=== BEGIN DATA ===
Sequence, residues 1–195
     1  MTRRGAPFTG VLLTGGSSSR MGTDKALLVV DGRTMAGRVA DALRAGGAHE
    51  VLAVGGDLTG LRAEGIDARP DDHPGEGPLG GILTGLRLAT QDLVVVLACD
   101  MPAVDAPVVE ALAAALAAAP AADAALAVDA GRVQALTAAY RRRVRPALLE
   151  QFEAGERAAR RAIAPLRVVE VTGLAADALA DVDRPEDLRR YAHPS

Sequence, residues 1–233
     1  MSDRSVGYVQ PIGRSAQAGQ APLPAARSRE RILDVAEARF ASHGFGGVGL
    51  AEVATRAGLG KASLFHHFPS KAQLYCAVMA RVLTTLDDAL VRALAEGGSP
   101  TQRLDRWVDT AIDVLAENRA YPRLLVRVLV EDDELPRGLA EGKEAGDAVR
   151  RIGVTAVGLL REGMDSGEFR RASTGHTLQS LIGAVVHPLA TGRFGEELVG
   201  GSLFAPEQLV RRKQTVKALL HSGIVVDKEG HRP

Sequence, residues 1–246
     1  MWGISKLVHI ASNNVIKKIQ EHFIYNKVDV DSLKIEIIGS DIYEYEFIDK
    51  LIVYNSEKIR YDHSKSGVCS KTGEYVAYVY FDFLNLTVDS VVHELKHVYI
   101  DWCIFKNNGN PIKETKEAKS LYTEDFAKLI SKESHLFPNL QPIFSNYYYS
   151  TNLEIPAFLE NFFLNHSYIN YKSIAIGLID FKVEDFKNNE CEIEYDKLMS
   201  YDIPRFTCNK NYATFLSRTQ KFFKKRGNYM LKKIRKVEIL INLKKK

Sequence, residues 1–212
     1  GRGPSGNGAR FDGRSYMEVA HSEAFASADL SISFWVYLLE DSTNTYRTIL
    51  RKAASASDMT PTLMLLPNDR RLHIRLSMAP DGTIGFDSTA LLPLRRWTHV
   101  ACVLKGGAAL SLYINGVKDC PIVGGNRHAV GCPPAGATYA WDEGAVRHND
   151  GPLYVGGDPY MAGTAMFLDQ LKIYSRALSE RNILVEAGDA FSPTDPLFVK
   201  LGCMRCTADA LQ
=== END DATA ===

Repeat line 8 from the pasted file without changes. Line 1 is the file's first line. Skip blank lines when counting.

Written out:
    51  AEVATRAGLG KASLFHHFPS KAQLYCAVMA RVLTTLDDAL VRALAEGGSP